Leadership Lessons from Garfield: Dignity
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Although Garfield understood clearly, and at times painfully, that he was poor, he had inherited from his mother an innate dignity that never failed to inspire respect. His mother was fiercely proud that she and her children had “received no aid, worked and won their living and could look any man in the face.” Even as a child, Garfield walked with his shoulders squared and his head thrown back. “If I ever get through a course of study I don’t expect any one will ask me what kind of a coat I wore when studying,” he wrote to his mother while attending a nearby school, “and if they do I shall not be ashamed to tell them it was a ragged one.”

Eliza Garfield’s greatest ambition for her second son was a good education. She came from a long line of New England intellectuals, including a president of Tufts College and the founder and editor of a Boston newspaper. She donated some of her land for a small schoolhouse so that her children, as well as her neighbors’ children, could have a place to learn.”

Millard, Candice. Destiny of the Republic (p. 20). Knopf Doubleday Publishing Group. Kindle Edition.

My late mother and President Garfield’s mother had a lot in common. She was incredibly self-reliant, yet a deeply devoted mother and wife. I remember her helping others all the time, and I’m not even sure when she actually slept.

More than anything else, she wanted her three boys to receive great educations. She was an American first-generation college graduate, and who had married an Indian immigrant who had come to America for his graduate education and stayed to earn his Ph.D. It was no surprise that she strongly believed how transformative a good education could be.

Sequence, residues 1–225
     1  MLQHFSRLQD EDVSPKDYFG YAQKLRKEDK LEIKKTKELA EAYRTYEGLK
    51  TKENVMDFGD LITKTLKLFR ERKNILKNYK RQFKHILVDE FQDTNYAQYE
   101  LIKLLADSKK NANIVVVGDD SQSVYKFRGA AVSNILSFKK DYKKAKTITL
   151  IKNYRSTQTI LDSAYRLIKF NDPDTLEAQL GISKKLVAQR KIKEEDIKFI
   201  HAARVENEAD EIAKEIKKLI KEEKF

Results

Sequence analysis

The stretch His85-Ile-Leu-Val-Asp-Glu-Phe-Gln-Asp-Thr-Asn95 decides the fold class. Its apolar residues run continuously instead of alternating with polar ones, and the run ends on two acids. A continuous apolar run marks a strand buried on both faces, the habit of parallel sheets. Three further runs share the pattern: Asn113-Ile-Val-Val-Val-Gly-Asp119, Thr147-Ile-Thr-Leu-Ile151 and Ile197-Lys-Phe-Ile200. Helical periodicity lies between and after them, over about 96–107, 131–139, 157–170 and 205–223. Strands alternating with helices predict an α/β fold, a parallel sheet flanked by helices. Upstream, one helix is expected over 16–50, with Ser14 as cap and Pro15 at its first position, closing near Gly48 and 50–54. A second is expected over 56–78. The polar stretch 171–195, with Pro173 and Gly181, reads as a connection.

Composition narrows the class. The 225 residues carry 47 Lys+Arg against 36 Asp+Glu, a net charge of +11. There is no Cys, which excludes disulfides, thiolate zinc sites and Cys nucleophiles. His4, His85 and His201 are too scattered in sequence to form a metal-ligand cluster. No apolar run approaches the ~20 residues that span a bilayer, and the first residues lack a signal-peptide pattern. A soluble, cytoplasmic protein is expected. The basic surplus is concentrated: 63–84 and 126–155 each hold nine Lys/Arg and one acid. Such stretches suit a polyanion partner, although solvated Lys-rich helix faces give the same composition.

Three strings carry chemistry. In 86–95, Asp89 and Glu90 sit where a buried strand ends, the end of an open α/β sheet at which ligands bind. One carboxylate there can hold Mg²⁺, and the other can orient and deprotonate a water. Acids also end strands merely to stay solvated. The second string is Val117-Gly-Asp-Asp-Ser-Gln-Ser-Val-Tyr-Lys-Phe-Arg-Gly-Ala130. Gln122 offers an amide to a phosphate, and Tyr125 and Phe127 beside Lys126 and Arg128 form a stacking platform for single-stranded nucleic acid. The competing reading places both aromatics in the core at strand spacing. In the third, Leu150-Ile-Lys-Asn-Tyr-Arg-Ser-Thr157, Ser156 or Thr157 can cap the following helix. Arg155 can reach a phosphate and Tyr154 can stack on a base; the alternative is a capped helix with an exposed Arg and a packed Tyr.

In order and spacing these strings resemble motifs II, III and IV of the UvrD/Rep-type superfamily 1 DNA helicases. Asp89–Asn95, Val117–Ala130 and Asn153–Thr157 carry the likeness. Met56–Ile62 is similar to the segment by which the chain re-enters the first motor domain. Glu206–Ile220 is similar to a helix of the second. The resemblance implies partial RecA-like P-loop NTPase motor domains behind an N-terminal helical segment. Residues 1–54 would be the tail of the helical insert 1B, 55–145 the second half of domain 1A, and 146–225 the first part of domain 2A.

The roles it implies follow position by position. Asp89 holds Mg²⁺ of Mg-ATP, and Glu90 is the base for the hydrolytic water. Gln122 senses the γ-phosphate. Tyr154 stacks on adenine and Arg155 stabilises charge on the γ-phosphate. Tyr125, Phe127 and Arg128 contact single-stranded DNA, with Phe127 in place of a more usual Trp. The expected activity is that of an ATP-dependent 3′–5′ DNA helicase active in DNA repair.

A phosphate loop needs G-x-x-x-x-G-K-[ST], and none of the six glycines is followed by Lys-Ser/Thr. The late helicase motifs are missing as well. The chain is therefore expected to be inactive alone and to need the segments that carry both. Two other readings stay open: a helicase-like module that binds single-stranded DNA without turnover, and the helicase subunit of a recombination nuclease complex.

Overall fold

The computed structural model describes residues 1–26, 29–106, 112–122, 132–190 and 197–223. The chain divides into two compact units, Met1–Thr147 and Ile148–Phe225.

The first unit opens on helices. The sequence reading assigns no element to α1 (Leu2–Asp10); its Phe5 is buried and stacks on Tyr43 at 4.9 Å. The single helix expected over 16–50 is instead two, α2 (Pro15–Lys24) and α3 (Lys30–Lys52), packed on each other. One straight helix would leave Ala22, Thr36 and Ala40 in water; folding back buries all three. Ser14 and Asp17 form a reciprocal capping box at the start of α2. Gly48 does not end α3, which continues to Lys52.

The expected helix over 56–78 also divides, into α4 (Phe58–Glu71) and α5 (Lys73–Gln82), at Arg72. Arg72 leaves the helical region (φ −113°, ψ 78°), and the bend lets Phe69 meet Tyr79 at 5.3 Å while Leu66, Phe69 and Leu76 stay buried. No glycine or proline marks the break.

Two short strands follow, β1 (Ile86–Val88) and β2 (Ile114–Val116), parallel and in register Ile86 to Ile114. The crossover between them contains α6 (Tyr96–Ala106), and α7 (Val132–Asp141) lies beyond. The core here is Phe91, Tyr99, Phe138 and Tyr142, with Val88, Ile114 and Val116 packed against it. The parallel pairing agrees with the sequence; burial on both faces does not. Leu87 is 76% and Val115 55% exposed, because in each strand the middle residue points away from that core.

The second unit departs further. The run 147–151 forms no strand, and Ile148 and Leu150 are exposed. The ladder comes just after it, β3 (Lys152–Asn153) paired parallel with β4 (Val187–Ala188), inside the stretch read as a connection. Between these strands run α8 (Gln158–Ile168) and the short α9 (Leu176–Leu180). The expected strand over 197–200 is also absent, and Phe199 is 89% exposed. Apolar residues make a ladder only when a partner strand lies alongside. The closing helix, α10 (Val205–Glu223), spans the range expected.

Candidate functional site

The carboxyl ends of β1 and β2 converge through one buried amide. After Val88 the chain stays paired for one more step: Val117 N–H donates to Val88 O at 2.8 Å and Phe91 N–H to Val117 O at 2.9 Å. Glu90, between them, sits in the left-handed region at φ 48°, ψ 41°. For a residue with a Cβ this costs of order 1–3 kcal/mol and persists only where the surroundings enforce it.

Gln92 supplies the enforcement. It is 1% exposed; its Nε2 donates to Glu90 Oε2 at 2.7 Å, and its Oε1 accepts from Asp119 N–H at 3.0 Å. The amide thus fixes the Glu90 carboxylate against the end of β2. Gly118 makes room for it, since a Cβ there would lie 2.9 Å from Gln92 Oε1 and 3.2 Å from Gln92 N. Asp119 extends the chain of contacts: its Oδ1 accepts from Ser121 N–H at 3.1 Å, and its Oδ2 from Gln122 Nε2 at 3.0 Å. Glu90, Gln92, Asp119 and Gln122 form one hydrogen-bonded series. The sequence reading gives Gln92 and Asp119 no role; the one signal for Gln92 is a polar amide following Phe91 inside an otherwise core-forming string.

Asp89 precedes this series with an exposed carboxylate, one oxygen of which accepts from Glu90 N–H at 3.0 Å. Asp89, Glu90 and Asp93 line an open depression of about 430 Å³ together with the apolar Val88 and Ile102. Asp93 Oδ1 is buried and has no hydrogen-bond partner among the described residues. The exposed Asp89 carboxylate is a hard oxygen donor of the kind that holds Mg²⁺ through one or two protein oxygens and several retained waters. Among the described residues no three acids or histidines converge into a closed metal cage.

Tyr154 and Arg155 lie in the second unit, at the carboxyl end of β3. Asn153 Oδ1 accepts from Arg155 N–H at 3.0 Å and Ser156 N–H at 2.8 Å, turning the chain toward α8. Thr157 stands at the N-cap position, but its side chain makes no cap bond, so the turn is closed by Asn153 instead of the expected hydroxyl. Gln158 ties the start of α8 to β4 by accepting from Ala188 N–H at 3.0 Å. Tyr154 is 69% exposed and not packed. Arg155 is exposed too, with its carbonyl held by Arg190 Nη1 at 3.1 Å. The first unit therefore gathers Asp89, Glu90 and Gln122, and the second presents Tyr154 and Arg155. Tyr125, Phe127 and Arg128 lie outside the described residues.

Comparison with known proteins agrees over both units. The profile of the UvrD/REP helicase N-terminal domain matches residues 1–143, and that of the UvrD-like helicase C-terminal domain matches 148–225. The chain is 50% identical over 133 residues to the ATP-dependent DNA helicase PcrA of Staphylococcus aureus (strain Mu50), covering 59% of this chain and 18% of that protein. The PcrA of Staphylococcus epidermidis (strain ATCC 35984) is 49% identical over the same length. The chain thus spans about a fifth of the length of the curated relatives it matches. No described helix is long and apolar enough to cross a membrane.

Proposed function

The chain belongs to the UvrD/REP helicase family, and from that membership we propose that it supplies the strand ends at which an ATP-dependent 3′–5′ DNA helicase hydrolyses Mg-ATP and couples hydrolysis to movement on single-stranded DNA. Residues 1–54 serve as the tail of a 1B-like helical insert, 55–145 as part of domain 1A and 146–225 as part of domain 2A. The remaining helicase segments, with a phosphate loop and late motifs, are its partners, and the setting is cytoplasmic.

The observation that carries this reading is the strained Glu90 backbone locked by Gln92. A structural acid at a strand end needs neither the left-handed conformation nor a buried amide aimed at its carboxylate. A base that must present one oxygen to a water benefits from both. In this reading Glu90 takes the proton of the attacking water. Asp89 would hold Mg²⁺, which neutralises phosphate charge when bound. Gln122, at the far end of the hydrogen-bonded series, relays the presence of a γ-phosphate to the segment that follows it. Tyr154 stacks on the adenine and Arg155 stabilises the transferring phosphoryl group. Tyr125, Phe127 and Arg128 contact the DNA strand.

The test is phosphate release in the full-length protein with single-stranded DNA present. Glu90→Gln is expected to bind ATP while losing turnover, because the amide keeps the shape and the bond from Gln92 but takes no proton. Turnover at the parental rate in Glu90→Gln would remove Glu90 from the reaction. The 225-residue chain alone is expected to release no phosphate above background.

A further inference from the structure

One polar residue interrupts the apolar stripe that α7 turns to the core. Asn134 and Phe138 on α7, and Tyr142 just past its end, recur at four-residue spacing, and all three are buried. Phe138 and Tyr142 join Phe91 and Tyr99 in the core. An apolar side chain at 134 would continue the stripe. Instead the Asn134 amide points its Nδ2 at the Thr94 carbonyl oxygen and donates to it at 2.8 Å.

We also grew up with very little money. Middle class, not poor, but with very little discretionary income. Still, she was easily one of the most generous people I’ve known. She would have been a sister to the woman who put in her last two coins as an offering to God.

In a mirror to Garfield’s story, my two younger brothers and I lost our mom when I was 11, my middle brother 9, and my youngest brother had just turned five. That traumatic event certainly influenced us in ways we are still considering almost fifty years later. But before she passed away, our mom had instilled a dignity in us that wasn’t dependent on how much money we made, what we looked like, or how popular we were. Instead, our self-respect was based on how we treated others, what we did with the talents that God gave us, and how we made the most of the opportunities that growing up as a middle-class kid in the Midwest in the Sixties and Seventies had available.

When kids made fun of us in middle school for the patches on our clothes, or for being “four-eyed,” their mean comments stung, but not for long. After all, our mom (and our dad) years before had taught us to be proud of what we were doing, and where we going, and not to be concerned about those who knew neither what they were doing nor where they were going.

Having dignity and treating others with dignity is the foundation of trustworthy leadership. This is probably why I am drawn to the leaders I study and learn from, including Garfield.